Baltimore Sun circulation loss narrows

The Baltimore Sun's average daily circulation for the six months that ended March 31 fell 3.9 percent, compared with results from a year earlier, as the entire newspaper industry started to show signs of improvement, the Audit Bureau of Circulations said Monday.

The Sun performed better than most major metropolitan newspapers. Nationally, average daily circulation slid 8.74 percent among 602 newspapers. The Sun's average daily circulation is 201,830. Its Sunday circulation fell 2 percent, to 344,118, while average Sunday circulation at 548 newspapers declined 6.54 percent.

Overall, newspaper circulation for the industry improved from the previous six-month period through September, when daily circulation fell by an average of 10.6 percent and Sunday circulation was down 7.5 percent on average.

"Baltimore Sun Media Group's efforts at providing readers with the content they want in the way they choose have really paid off," said Judy Berman, the media group's senior vice president of marketing. "Our key focus in recent months has been attracting and retaining Sunday subscribers, which has led to improving trends, with increases from previous year so far in 2010."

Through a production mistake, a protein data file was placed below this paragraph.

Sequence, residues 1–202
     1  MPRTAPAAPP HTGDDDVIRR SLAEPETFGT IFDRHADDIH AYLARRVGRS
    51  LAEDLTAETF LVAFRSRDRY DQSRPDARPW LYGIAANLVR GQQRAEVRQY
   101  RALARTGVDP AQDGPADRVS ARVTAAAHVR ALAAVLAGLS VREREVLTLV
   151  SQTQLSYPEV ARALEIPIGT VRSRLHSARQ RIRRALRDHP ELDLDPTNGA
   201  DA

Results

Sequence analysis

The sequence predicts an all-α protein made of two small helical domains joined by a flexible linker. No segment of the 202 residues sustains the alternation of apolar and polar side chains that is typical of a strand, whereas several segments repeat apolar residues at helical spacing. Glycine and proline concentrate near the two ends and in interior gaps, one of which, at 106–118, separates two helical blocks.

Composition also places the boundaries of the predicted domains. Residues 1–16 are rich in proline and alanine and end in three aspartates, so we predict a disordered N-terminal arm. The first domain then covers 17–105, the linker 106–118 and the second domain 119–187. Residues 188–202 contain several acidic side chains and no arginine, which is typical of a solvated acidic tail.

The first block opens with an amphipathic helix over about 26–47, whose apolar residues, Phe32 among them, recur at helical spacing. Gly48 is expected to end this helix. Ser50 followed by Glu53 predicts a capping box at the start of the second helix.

The Sun's website attracted more than 4 million unique users per month, on average, in the six months ending in March, Berman said. The monthly website audience from local residents has increased 75 percent during the past year, while mobile page views have grown to 2 million a month, Berman said.

The company also distributes 375,000 copies of b, a free daily, and 300,000 copies of 16 community newspapers.

Twenty-one of the nation's top 25 newspapers reported average daily circulation drops. Three were unable to report comparable numbers. Only The Wall Street Journal gained in sales, by less than 1 percentage point, making it the largest daily newspaper by circulation with more than 2 million subscriptions.

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